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    A Love Song for the Sad Man in the White Coat – Roe Horvat

    Simon had always expected love to feel different than this. Whether it was his Catholic upbringing or the poetry he’d read – Simon had thought that true love would be uplifting, fulfilling, that it would give a meaning to his loitering, and add joy to his leisure. But not this kind of love. This love was a flesh-eating monster, sharp-clawed and evil-eyed, ravishing his mind with medieval cruelty.

    Dr Simon Mráz is a respected specialist and lecturer at the Charles University in Prague. He is a serious man, responsible. His students call him The Cruel Doctor Frost not because he’s unkind, but because of his unwavering, ice-cold composure. As a psychiatrist, he values sanity. And sanity can be found in work, restraint, and self-control.

    Not many know of that one time in the past when The Cruel Doctor Frost lost his cool. His ill-advised, secret affair with a student left Simon deeply wounded. Since that day, every minute of Simon’s life has been a struggle to remain sane, functioning. He’s managed so far – as long as he is needed, as long as his work makes a difference, Simon can scrape together enough strength to get up in the morning and run off the nightmares. But when his friends begin drifting away, his beloved protégé becomes independent, and the man who bereaved Simon of his precious sanity might return… Simon’s mind and body stop responding to his impressive willpower.

    Some authors write fictional books that are semi-autobiographical. Based on their (Horvat’s pronoun) books, I’m guessing Roe Horvat used to work in a university, possibly in a psychiatric medicine-related field. I also suspect that they might have become involved with a student in a more personal level. But that’s just me speculating.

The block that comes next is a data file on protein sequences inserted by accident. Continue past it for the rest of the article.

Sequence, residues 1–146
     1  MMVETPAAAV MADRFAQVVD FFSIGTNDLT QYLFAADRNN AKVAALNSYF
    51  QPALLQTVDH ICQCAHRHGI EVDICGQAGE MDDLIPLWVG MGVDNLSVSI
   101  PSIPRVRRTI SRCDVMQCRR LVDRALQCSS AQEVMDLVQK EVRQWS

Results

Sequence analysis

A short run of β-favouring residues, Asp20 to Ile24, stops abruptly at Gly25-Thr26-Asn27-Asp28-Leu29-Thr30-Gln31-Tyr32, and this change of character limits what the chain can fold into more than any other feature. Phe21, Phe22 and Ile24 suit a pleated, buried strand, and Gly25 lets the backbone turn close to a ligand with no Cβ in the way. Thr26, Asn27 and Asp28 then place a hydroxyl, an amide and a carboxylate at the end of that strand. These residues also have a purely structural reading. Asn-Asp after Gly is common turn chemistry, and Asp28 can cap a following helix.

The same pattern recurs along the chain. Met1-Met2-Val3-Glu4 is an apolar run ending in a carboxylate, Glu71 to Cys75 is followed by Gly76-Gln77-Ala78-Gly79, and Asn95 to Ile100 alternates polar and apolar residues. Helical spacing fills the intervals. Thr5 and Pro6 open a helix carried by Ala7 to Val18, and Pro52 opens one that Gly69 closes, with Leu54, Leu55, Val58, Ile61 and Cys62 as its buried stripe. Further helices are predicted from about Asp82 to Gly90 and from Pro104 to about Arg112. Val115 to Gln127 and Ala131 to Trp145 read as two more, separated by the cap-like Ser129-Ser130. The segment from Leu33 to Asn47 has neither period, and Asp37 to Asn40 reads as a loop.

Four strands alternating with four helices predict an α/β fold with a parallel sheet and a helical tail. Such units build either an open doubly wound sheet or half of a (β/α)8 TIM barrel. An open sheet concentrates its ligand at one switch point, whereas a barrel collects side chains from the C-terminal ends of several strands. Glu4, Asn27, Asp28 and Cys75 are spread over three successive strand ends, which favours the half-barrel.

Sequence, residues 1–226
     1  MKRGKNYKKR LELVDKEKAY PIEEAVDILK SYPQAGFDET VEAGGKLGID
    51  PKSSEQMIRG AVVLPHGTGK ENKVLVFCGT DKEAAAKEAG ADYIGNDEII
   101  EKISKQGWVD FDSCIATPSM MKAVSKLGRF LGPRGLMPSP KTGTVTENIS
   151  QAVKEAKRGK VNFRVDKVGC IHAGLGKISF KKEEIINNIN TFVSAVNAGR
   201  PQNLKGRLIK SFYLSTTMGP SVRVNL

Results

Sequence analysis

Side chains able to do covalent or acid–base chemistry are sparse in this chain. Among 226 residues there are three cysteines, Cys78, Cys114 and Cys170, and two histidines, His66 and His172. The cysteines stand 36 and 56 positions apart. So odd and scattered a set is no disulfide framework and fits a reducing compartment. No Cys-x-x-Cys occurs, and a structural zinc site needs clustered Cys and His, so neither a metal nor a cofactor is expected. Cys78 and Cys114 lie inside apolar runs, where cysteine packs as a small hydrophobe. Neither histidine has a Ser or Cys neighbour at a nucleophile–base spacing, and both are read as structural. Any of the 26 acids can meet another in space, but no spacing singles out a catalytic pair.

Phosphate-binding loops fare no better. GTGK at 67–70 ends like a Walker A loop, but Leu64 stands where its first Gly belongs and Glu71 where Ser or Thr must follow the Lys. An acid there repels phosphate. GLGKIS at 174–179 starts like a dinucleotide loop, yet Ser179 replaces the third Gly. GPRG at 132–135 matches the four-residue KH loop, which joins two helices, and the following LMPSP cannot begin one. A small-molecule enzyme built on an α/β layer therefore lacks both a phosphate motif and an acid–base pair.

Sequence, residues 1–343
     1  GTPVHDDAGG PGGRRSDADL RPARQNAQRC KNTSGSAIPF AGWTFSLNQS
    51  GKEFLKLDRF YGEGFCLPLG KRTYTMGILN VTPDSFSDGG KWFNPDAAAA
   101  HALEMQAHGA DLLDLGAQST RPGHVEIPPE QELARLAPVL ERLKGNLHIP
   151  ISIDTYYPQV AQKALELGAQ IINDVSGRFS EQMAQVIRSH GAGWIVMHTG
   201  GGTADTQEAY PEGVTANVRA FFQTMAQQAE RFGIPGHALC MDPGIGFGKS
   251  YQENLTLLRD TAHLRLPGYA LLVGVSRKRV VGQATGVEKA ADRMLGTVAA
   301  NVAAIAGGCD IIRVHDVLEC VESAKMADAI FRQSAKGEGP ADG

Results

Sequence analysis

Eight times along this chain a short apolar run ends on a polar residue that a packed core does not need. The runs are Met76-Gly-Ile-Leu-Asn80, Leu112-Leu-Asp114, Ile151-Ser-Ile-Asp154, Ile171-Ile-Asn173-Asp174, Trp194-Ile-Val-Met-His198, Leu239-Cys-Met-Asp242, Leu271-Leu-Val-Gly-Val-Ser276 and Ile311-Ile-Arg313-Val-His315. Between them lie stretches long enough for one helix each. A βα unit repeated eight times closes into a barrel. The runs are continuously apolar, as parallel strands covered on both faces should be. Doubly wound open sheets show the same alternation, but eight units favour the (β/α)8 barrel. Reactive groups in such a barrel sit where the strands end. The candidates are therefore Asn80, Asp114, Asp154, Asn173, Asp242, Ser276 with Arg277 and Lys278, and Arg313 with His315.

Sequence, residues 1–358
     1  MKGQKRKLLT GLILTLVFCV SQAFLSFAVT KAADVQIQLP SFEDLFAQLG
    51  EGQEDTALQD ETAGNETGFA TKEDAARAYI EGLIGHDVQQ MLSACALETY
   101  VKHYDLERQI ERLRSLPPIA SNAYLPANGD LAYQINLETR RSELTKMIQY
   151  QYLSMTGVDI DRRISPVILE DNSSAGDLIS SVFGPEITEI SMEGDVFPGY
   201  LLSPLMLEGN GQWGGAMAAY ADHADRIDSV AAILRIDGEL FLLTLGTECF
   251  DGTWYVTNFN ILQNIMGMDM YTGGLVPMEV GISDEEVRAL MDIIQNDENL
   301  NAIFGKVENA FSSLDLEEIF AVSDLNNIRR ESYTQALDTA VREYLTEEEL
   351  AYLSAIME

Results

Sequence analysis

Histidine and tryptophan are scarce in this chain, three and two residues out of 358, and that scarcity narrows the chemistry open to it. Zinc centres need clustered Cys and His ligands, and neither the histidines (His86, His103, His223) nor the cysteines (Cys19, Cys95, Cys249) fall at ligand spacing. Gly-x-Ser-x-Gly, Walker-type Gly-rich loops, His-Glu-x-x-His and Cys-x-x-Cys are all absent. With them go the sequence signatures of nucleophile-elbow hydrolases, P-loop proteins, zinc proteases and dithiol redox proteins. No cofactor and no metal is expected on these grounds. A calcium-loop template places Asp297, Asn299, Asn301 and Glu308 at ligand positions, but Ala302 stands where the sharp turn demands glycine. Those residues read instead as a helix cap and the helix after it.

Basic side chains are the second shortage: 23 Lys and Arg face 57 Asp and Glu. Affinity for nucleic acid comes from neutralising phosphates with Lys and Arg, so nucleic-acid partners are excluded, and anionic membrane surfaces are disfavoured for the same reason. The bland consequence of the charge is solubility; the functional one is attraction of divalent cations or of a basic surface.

The story started with Matej, making his daring move on Dr. Simon Mraz which paid off really well. They had an affair then Matej disappeared leaving Simon and Marta, Matej’s sister, to cope with the loss. 

    Unfortunately, I felt an irrational annoyance towards Matej for leaving these people without closure. Logically, I know he had his reasons, abusive father, trauma and what not, but to disappear without any contact for years seemed selfish. I didn’t warm up to Simon. People kept saying he was cold, logical and rational which would normally make me like him but he just came across as miserable, restless and empty but that is mostly probably the author’s point. Simon showed signs of the big D and having gone through that myself, I totally understand where he’s coming from but reading about it is not pleasant.

    I know it’s not doing the book justice but I skipped part two because I didn’t feel like going through the details of what happened in the past. Most of the stuff there, I already know from part one but you might want to check it out for the steam and the fluff. 

    Part three was the best part, in my opinion. Here, we meet the present day Matej whom I could finally forgive and it was quite refreshing to see Simon get hammered. My favorite characters were Mike, Lukas’ boyfriend and Marta. They bought joy and lightness in what was otherwise a dismal atmosphere.  The reunion was an emotional nuclear bomb but the resolution came on gentle tiptoes after some opiods  and alcohol. It was all worth it.

    Even if it hits close to home, reading about missing someone or somebody with mental disorders is never enjoyable for me and it doesn’t necessarily make me sympathetic to the characters. But what I loved most about the book is that I am given a clear picture of real Czech people and Eastern Europe. None of the touristy stuff such as those found here but a real insider perspective. This is particularly interesting for me because this is half-way across the world and I would probably never get to visit these places in my lifetime. I also liked how Horvat casually throws around indie and literary references without seeming like a pretentious name dropper.  Bjork, Radiohead, Henry Rollins, Black Rebel Motorcycle Club, they’re all in there along with Rimbaud, Terry Pratchett and Cards Against Humanity. Simon and Matej AND Horvat know their stuff. 

    Overall, some people might go for the feels but I went for the realism. Read it for a good dose of both.

    3.5 Stars – that place between like and love

    Soundtrack: Red Eyes and Tears
    Artist: Black Rebel Motorcycle Club
    Album: B.R.M.C.

    (source: https://www.goodreads.com/book/show/36697128-a-love-song-for-the-sad-man-in-the-white-coat)